Drone Spending: the MQ-9 Reaper

MQ-9 Reapers at Kandahar Airfield in Afghanistan. Credit: U.S. Air Force photo by Tech. Sgt. Joseph Swafford/Released

MQ-9 Reapers at Kandahar Airfield in Afghanistan. Credit: U.S. Air Force photo by Tech. Sgt. Joseph Swafford/Released

For proposed spending on the MQ-9 Reaper and other unmanned systems in Fiscal Year 2017, click here.

By Dan Gettinger

The MQ-9 Reaper is a medium-altitude long-endurance surveillance and strike drone. General Atomics Aeronautical Systems, Inc., the primary contractor for the program, is responsible for manufacturing the aircraft and the ground control system. Other contractors include Raytheon, which supplies some of the advanced sensors on the drone, and L-3 Communications, which provides training simulators and satellite communication infrastructure. While the U.S. Air Force (USAF) is the primary U.S. Government recipient of the MQ-9 Reaper, other military departments such as the Missile Defense Agency and Special Operations Command (USSOCOM) invest procurement and research funding in the Reaper. Outside of the military, NASA and the Customs and Border Protection also operate Reaper variants.

We have dived into the Department of Defense budget documents to find out exactly how much the U.S. military is spending on the Reaper and where those funds are going. The Reaper’s funding can be divided into two broad categories: Air Force spending that directly impacts Reaper operations and spending on associated programs that are relevant to the Reaper. The Air Force has proposed allocating approximately $1.1 billion in spending for the MQ-9 Reaper in Fiscal Year 2016, a sum that could see an extra $170 million if the National Defense Authorization Act is signed into law. When combined with other Reaper-relevant spending—which includes spending by other departments besides the Air Force, procurement of the Hellfire missile munitions, and other research programs that will impact the future development of the Reaper—the total is estimated at around $1.94 billion for FY16.

Source Materials

Within the Air Force, each type of spending—procurement, research, operations and maintenance, and construction—is detailed in multiple budget documents. In addition to these documents, the Air Force regularly publishes assessments of changes to the costs of the program as well as analysis of general defense spending changes.

Program Background

The U.S. Air Force Air Combat Command initiated the MQ-9 Reaper (then known as the MQ-9 Predator B) program on May 2, 2002. Although a handful of aircraft were purchased in the following years for testing and development, it wasn’t until 2006 that the Pentagon began ramping up production. At the time, Reaper procurement was still combined with its predecessor, the MQ-1 Predator. In a program justification document published on July 14, 2006, the Air Force estimated that the combined MQ-1/9 acquisition program would cost $3.75 billion and produce a total of 378 drones—256 Predators and 126 Reapers. In the following years, however, the procurement goals for the Reaper and cost estimates varied according to shifting priorities, demand from commanders, and funding availability. The first Reaper squadron, the 42nd Attack Squadron, was activated on November 6, 2006 and became operational in 2007. In FY08, when the Air Force purchased a set of four Reapers, the MQ-9 program was separated from the Predator program and consolidated under its own title.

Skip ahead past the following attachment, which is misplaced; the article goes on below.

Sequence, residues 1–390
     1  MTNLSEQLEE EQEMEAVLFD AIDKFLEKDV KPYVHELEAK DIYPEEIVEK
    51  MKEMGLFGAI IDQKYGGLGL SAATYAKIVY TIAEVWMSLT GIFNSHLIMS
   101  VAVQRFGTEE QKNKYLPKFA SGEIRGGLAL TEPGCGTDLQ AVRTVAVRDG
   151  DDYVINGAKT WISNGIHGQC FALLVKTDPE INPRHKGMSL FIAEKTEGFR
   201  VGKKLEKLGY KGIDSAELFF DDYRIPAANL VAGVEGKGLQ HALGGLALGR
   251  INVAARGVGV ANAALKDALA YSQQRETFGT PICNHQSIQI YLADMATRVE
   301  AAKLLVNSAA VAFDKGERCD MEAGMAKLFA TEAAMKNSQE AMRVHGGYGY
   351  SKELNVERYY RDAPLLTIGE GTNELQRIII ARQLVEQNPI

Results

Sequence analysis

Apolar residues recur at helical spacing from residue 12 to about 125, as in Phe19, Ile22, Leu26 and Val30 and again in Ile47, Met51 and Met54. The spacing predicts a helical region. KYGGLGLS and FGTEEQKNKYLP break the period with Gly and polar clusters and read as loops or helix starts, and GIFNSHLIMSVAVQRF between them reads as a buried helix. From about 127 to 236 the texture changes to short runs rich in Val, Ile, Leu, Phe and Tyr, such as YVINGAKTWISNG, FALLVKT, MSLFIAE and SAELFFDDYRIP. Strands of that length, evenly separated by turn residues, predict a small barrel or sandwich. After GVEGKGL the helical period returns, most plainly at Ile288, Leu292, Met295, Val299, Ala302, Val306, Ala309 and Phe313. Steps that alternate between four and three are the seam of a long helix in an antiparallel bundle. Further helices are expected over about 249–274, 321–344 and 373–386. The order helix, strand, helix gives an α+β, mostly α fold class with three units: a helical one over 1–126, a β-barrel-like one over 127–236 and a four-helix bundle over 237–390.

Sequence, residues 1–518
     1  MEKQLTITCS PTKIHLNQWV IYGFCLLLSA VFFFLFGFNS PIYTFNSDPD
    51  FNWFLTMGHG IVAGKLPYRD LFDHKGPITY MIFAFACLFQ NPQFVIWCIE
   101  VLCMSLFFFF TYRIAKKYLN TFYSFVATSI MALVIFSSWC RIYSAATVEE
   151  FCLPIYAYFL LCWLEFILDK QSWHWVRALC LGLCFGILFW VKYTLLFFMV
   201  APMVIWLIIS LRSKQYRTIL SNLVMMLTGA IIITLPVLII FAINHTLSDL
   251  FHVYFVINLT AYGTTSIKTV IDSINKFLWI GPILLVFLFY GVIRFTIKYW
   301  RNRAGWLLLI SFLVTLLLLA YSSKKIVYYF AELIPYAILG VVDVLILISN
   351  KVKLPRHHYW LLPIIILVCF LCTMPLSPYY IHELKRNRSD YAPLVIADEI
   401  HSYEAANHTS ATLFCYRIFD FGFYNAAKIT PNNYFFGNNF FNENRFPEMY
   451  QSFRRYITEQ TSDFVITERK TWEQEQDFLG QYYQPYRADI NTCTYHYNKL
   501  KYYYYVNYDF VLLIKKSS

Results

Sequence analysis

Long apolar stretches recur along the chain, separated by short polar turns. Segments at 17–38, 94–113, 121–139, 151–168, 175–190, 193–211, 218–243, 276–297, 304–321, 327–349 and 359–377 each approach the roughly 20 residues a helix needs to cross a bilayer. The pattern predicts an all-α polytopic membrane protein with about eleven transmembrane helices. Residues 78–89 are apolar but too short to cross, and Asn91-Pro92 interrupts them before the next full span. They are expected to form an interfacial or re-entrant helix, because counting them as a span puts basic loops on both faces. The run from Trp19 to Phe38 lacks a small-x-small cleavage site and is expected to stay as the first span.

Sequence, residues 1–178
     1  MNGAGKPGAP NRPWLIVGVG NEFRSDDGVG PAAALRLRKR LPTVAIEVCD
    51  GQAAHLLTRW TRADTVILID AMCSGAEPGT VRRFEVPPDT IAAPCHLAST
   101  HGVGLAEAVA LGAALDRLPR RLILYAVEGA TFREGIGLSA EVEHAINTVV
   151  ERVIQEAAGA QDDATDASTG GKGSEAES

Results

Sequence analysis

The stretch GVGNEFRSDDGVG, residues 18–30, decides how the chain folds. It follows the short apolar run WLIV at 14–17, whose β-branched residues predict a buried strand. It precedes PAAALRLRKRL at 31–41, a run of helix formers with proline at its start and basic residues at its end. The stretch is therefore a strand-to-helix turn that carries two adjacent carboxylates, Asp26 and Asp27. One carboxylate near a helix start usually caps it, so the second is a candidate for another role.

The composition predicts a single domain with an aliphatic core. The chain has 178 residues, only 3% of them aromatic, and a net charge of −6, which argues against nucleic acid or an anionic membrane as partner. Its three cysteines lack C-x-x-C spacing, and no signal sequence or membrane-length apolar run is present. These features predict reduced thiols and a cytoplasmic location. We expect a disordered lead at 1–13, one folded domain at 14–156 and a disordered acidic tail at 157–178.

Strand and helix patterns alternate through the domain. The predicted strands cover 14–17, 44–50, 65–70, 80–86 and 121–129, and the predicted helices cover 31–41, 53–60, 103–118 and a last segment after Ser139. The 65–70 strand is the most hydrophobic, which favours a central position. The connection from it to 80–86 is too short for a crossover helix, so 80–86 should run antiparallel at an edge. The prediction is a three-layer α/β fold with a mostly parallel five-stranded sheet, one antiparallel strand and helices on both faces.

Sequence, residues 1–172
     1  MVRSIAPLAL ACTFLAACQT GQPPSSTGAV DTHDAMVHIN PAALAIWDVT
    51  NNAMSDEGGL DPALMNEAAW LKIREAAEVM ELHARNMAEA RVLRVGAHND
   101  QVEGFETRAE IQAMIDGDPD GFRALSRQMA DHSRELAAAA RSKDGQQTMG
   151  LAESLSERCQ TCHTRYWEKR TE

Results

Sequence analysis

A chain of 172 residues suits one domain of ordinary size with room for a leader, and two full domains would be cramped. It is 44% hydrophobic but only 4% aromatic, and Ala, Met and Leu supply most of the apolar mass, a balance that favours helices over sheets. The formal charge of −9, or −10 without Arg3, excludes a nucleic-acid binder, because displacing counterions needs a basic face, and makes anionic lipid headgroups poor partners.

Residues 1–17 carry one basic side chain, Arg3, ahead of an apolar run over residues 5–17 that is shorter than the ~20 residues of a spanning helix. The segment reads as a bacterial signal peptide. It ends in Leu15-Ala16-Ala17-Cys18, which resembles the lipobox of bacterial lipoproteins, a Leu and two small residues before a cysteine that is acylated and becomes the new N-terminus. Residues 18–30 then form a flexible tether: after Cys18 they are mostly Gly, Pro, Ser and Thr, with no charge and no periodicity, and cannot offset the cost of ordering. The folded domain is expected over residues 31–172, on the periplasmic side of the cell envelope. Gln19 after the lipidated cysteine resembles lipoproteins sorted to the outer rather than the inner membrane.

The biggest jolt to the program came in 2011 when then-Secretary of Defense Robert Gates set a goal of 65 drone Combat Air Patrols—each consisting of four Predator or Reaper aircraft—by 2013; Gates emphasized that goal in testimony to the House Armed Services Committee in February 2011. In 2012, the U.S. Air Force established a baseline estimate of how many drones it planned to acquire—391—and how much the entire program is estimated to cost—$10.75 billion. The demand for the drones peaked in 2013, when the Air Force planned to purchase a total of 401 Reapers throughout the lifetime of the program. In 2014, after an Inspector General’s report criticized the Air Force for incorrectly estimating how many Reapers it needed to purchase, the numbers dipped to 349 for FY15.  In the proposed budget for FY16, the Air Force estimates that the Reaper program will produce 364 aircraft by 2019.

At this point in the life of the acquisition program, however, there appears to be a greater emphasis within the Air Force budgets on improving existing aircraft, and advancing technological capabilities than on procuring as many drones as possible. In an assessment published by the Department of Defense on September 23, 2015, Colonel William S. Leister, the program manager for MQ-9 Reaper acquisition, identified several worrying trends in the development of the aircraft and ground control systems. “The program sprinted for so long, there are bound to be insidious artifacts lurking in the system that we missed; some may be significant,” Leister writes. One early issue with the Block 5 aircraft—the latest generation of the Reaper—was that the avionics and other internal systems could not handle hot weather operations. According to Leister, although this problem was quickly solved by General Atomics, other issues like an abrupt mid-flight loss of electrical power caused by starter-generator failure continued to plague the program. A special point of contention that Leister had with General Atomics was with the development of the newest ground control stations—the GCS Block 50—which he describes as producing “less than stellar results.”